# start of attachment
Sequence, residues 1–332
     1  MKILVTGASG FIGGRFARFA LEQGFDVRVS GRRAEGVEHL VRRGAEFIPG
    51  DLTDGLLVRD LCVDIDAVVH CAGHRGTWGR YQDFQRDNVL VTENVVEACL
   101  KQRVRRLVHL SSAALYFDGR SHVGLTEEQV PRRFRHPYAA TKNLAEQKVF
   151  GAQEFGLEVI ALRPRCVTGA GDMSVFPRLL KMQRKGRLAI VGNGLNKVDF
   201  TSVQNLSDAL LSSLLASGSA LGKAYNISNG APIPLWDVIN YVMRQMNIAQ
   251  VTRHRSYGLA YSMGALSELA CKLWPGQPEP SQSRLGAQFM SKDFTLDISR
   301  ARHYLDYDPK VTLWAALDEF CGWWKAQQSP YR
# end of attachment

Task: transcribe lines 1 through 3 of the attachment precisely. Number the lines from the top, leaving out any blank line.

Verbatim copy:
Sequence, residues 1–332
     1  MKILVTGASG FIGGRFARFA LEQGFDVRVS GRRAEGVEHL VRRGAEFIPG
    51  DLTDGLLVRD LCVDIDAVVH CAGHRGTWGR YQDFQRDNVL VTENVVEACL